Mines News

Release Date Tuesday, October 16, 2018

SD Mines Professor Leads Month of Frankenstein Festivities

At 6 p.m. Tuesday, Oct. 16, at Hay Camp Brewing Co. - STEAM Café “Making a Monster: Frankenstein at 200.” South Dakota School of Mines & Technology Assistant Professor Laura Kremmel will discuss how “Frankenstein” was written during a time when science and humanities were not at odds. They were “simply ways of understanding the world.” The presentation, which is free and open to the public, will feature a reading from “Frankenstein” by the Hard Rockin’ Drama Club. 

 

RAPID CITY, SD (Oct. 15, 2018) – On the 200th anniversary of the publication of Mary Shelley’s novel “Frankenstein,” South Dakota School of Mines & Technology is celebrating the famous monster with presentations, book discussions and more.  

SD Mines Assistant Humanities Professor Laura Kremmel, Ph.D., whose teaching and research focuses on the fields of gothic studies, Romanticism and the history of medicine, has lined up a variety of activities to celebrate the anniversary.  

“The novel offers a wide range of interpretations and experiences, allowing it to be read in different contexts and at different ages,” says Kremmel. “Not only does it present thought experiments about the limits of science and the relationship between creator and creation, but it also allows us to think about what makes us human and how difference is constructed. It makes a strong case for including the arts and humanities in STEM education by offering ways to think about these big questions as well as an example of what happens when they are neglected.”

Kremmel kicked off the anniversary celebration by narrating the Mines Music Department’s presentation of “Fantasy and Fright,” on Oct. 12, a concert that featured a student-made marimba as the “creature.” The remaining events are:

* 6 p.m. Tuesday, Oct. 16, at Hay Camp Brewing Co. - STEAM Café “Making a Monster: Frankenstein at 200.” Kremmel will discuss how “Frankenstein” was written during a time when science and humanities were not at odds. Instead, they were “simply ways of understanding the world.” The presentation, which is free and open to the public, will feature a reading from “Frankenstein” by the Hard Rockin’ Drama Club.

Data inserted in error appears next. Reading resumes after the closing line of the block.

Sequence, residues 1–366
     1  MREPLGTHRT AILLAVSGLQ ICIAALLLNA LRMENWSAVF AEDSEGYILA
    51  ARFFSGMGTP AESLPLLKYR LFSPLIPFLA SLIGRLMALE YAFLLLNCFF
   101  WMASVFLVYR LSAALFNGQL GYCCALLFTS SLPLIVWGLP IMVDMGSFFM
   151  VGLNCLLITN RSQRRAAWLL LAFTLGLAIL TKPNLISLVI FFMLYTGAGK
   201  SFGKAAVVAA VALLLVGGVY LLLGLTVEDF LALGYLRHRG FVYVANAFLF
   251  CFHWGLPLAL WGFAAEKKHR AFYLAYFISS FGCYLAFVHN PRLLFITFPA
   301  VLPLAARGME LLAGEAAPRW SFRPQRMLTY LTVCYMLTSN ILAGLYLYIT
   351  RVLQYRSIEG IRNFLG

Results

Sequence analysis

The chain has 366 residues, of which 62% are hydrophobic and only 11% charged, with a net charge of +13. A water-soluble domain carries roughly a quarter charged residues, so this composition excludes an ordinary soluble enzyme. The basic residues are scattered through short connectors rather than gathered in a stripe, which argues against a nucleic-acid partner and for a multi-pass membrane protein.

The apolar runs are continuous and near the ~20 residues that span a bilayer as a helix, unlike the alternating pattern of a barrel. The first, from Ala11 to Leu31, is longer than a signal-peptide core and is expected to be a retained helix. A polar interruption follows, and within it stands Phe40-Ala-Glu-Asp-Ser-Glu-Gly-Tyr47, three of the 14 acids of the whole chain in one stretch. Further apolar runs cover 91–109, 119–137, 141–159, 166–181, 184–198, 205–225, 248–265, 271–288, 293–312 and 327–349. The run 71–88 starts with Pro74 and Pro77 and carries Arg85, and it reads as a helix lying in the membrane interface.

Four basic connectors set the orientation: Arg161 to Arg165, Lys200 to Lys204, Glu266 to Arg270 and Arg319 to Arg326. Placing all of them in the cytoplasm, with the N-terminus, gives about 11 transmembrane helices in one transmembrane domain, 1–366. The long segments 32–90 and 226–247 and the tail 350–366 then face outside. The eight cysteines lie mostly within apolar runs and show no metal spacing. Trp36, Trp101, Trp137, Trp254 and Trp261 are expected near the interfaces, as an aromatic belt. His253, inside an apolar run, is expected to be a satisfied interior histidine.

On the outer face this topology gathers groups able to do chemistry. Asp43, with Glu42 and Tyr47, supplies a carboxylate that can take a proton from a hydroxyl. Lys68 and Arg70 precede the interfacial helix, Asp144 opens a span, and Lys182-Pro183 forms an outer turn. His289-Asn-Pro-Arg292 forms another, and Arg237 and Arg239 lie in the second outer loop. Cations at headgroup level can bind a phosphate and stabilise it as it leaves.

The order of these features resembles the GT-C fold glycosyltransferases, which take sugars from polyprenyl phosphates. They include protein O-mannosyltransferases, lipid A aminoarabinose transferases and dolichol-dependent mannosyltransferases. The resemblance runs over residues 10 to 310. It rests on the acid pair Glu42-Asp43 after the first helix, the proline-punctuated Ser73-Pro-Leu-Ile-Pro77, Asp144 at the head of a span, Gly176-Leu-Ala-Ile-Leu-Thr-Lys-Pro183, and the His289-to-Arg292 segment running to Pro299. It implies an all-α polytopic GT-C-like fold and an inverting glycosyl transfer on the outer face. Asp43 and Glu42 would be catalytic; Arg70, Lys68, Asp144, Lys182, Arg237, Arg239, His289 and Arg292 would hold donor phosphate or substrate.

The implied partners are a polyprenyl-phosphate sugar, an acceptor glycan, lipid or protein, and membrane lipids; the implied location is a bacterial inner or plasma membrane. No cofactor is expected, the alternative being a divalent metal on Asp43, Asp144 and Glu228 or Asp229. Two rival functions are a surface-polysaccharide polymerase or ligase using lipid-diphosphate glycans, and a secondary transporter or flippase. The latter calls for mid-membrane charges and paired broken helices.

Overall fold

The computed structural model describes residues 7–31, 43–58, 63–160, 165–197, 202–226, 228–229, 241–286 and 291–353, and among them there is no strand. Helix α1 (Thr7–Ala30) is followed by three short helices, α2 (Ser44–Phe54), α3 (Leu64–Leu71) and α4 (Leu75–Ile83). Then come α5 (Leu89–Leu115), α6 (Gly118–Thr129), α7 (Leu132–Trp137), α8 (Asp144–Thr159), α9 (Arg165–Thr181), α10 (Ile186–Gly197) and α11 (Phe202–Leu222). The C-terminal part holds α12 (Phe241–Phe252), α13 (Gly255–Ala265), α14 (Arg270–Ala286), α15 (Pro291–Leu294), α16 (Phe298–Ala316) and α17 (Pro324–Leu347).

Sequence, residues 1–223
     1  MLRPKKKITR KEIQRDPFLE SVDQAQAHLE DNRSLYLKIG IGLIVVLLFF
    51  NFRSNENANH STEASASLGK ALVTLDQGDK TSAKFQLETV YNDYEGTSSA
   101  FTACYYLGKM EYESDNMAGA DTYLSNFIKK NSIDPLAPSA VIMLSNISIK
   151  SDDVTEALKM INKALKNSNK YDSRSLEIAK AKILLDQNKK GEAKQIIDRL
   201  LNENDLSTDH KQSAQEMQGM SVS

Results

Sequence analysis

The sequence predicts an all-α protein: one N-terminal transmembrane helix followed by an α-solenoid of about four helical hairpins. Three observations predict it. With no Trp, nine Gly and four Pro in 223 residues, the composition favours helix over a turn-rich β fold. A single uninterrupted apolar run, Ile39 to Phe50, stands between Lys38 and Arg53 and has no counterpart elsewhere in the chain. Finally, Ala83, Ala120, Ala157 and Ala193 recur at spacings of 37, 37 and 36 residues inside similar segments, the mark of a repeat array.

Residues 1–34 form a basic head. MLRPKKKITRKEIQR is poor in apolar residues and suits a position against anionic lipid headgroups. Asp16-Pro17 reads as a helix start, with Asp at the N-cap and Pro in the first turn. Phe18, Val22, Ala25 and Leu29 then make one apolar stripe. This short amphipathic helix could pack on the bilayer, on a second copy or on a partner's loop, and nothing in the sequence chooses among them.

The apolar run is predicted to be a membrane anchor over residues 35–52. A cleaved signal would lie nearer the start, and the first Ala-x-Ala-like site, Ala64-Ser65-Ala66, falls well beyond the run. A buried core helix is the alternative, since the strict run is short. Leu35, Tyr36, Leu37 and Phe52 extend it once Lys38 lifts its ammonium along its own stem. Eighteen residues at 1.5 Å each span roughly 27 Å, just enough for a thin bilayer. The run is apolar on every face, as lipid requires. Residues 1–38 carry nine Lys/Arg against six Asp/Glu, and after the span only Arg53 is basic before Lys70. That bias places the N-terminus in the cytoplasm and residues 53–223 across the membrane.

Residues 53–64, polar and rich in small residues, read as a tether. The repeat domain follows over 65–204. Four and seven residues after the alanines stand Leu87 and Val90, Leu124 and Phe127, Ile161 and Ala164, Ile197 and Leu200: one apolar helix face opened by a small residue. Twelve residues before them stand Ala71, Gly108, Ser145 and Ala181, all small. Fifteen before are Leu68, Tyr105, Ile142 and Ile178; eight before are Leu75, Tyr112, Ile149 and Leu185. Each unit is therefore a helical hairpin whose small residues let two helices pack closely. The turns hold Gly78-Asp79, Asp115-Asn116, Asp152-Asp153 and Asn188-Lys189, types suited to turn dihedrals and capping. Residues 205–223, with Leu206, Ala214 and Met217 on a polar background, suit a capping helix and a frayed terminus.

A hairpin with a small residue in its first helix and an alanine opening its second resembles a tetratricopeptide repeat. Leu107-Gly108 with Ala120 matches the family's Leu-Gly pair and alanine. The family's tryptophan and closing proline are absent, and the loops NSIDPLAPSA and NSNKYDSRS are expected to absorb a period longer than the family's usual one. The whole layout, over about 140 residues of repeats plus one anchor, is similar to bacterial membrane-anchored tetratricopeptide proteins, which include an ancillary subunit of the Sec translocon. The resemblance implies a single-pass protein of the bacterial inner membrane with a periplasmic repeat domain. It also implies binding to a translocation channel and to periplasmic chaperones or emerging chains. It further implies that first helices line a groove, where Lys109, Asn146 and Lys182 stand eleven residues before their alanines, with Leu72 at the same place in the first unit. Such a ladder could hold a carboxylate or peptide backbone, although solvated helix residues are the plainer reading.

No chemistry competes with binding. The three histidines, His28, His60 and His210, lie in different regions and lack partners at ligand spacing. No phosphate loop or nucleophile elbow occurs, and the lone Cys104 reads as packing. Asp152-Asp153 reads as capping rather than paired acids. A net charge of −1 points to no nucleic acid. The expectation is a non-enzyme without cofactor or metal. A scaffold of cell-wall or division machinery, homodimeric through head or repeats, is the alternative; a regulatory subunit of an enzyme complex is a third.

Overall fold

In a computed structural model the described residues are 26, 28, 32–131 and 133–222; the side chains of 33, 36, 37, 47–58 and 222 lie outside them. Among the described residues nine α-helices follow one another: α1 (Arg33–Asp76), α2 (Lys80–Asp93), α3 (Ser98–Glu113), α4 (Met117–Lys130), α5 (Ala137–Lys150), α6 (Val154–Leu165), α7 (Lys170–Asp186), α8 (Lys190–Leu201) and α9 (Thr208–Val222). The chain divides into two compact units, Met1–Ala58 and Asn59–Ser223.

* 6 p.m. Wednesday, Oct. 17, at Dahl Arts Center – Frankenstein Book Discussion. Open to the public.

* 6 p.m. and 6:45 p.m. Monday, Oct. 22; and 4 p.m. Wednesday, Oct. 24; in Classroom Building – Frankenstein on Trial presentations by students. Open only to Mines students, staff and faculty.

* 7 p.m. Friday, Oct. 26 – Screening of 1931 film “Frankenstein.” Open only to SD Mines students, staff and faculty. 

* 7 p.m. Monday, Oct. 29 – Screening of film “Young Frankenstein.” Open only to Mines students, staff and faculty.      

To learn more about Kremmel’s work, visit her website here. To learn more about “Frankenstein,” visit FrankenReads by clicking here.

 

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About SD Mines  

Founded in 1885, the South Dakota School of Mines & Technology is a science and engineering research university located in Rapid City, S.D., offering bachelor’s, master’s and doctoral degrees. The university enrolls 2,654 students with a student-to-faculty ratio of 15:1. The SD School of Mines placement rate for graduates is 97 percent, with an average starting salary of more than $61,300. Find us online at www.sdsmt.edu and on  Facebook, Twitter, LinkedIn, Instagram and Snapchat

Contact: Lynn Taylor Rick, (605) 431-9818, Lynn.TaylorRick@sdsmt.edu